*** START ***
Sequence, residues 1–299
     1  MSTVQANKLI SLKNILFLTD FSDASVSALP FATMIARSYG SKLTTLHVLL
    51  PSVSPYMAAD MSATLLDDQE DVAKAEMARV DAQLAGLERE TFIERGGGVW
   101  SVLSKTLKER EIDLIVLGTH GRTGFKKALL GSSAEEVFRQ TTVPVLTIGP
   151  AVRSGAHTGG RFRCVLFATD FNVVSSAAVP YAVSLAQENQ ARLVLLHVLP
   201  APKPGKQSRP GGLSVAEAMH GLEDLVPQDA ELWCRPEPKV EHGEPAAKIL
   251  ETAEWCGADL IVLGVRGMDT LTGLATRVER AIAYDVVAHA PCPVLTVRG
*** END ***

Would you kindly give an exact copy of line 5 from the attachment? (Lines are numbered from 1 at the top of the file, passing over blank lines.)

   151  AVRSGAHTGG RFRCVLFATD FNVVSSAAVP YAVSLAQENQ ARLVLLHVLP